Getting a minicab to the Speakeasy club in Soho one night, we are just about to leave my place when Sid goes, ‘Can I wear your jeans?’ My heart sinks; those jeans have an old period stain that I can’t get out, I didn’t wash them soon enough after it happened. I can’t possibly let Sid see that, he’ll never let me forget it. ‘You look good as you are. Anyway, they’ll be too short for you,’ I say. ‘Yeah,’ he says. Phew. We get into the cab but just as the driver is pulling away Sid says, ‘I’ve forgotten something.’ He nips out and runs back into the house. He comes out a minute later, grinning all over his face, wearing my jeans. I could kill him. Now he knows why I didn’t want him to wear them. I stare out of the window for the whole car journey. He chats away, knowing he’s winding me up. He doesn’t tease me about the blood stain, that’s left unsaid.

Sid hasn’t got many clothes, none of us have much that is acceptable to be seen in, no shops sell what we like except Sex, and it’s so expensive we only have one or two things from there. Sid has two pairs of trousers: holey, faded jeans and a pair of red pegs – they’re wool and have a little silver thread running through them, zoot-suitish, pleated at the waist, wide-legged, tapering in quite narrow at the bottom. He wears them with brothel creepers, a bit David Bowie and a bit 1950s. Some of the boys still have this look, Malcolm McLaren and John Rotten wear it sometimes too – it’s left over from Too Fast To Live Too Young To Die, the teddy-boy shop Malcolm and Vivienne Westwood had before Sex. I never went there, didn’t know about it.

One day Sid turns up in the peg trousers and they’re in ribbons. He’d sliced them up with a razor blade because he hated them so much but he couldn’t find his jeans so when he wanted to go out he had to stick them back together. He joined the rips with loads of safety pins, all the way down his legs, hundreds of them. That’s how the ‘loads of safety pins’ thing started amongst people in clubs: they copied it, but he only did it because he couldn’t be bothered to sew his trousers up.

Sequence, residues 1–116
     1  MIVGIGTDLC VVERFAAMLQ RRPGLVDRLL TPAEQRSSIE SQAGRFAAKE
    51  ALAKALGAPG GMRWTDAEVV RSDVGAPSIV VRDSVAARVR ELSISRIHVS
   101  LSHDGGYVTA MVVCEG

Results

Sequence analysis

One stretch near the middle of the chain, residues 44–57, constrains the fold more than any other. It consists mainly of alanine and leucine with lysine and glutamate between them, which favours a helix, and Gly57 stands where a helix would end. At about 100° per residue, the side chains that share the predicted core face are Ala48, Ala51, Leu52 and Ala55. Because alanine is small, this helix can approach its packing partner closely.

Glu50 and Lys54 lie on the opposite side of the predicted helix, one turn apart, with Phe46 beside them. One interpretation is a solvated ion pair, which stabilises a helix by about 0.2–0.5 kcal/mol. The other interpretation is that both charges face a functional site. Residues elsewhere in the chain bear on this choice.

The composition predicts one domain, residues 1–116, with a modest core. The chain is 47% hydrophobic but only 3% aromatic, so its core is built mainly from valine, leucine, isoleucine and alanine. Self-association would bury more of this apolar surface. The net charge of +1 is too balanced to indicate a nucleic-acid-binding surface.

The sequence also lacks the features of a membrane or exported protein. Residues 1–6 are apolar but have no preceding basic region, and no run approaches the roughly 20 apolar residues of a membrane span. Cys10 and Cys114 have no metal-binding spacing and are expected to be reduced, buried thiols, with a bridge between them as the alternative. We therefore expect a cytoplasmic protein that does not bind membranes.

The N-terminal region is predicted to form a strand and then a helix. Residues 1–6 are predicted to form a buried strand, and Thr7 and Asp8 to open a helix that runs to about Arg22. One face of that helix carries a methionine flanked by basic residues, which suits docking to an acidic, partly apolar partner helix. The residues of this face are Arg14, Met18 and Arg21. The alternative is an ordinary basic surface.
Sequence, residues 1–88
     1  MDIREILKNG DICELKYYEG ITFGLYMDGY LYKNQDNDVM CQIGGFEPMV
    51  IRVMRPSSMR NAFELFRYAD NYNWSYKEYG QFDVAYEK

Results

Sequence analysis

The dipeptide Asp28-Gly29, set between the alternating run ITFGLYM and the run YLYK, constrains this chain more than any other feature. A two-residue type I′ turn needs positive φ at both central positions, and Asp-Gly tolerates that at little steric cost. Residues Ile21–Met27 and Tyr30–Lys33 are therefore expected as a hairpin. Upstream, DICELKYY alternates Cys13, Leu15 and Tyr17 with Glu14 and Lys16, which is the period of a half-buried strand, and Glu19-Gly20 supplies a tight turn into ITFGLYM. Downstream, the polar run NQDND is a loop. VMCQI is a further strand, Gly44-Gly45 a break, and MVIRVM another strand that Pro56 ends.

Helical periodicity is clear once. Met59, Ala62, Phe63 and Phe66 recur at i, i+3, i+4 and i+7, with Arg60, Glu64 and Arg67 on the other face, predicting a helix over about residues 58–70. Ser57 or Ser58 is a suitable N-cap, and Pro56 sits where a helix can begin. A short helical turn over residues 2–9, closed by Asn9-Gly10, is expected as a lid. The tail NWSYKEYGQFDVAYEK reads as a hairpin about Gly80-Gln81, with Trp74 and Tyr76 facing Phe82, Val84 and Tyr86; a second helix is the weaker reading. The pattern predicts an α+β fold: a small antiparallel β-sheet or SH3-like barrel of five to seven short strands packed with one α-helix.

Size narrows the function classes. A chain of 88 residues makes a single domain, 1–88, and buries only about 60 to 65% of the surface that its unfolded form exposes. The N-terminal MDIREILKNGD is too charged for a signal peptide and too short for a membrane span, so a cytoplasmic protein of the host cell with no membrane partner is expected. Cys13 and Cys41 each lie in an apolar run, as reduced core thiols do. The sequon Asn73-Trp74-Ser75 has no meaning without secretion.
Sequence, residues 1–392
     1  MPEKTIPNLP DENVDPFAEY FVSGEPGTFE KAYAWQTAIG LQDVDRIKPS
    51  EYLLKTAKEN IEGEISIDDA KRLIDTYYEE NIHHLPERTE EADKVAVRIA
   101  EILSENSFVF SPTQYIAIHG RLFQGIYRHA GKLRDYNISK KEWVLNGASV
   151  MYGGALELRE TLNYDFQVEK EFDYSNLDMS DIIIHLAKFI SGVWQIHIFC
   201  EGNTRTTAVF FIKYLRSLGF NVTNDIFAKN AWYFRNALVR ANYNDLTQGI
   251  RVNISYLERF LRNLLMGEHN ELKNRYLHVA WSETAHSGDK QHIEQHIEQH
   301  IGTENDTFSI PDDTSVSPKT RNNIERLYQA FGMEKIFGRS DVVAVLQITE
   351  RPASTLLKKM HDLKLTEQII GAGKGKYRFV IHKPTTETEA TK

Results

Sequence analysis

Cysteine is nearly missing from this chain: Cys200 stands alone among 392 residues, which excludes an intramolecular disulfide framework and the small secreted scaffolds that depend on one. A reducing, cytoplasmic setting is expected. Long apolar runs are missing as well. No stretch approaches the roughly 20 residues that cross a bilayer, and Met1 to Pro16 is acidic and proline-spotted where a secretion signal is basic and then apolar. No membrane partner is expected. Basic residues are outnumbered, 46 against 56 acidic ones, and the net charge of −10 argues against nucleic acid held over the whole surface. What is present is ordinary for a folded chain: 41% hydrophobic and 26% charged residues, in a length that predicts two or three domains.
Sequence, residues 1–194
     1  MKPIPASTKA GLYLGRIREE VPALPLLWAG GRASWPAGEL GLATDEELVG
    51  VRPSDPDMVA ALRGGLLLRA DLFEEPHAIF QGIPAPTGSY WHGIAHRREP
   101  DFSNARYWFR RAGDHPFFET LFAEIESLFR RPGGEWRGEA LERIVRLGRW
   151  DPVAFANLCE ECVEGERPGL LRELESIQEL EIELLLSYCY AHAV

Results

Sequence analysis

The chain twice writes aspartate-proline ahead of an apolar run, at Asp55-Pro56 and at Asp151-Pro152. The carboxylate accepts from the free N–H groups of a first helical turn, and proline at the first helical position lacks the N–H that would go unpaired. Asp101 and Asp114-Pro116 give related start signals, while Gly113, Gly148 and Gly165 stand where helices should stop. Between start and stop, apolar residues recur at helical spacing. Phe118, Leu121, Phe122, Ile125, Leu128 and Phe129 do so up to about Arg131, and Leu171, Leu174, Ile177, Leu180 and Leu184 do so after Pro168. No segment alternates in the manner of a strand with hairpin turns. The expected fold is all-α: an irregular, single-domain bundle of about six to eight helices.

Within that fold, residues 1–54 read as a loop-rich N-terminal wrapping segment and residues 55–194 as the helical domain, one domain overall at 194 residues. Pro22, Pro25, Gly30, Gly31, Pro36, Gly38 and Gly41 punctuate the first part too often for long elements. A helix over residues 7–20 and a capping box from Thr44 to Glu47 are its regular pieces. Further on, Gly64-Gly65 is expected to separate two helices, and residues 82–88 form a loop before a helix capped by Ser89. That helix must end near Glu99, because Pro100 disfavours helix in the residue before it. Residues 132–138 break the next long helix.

A while later Sid came round to Davis Road in a new pair of black bondage trousers, said he’d gone into Sex and Vivienne told him she couldn’t bear looking at him in those disgusting trousers a minute longer, she made him take them off, gave him a pair of bondage trousers for free and threw the red ones away. I’m really jealous, Vivienne must really like him to do that. She doesn’t usually give stuff away.

Whenever Sid gets his dole money he treats me to a Wimpy burger and chips. He never has anything to do and wants to tag along to art school with me, but I say no because I know he’ll embarrass me. I love Wimpy burgers and I’m always hungry so when he says, ‘I’ll buy you Wimpy and chips on the way in, if you let me come with you,’ I can’t resist. It’s such a treat and we can’t usually afford it – everyone has their price I suppose. So we get burger and chips for breakfast and then he lumbers along next to me up Shepherd’s Bush Road to art college.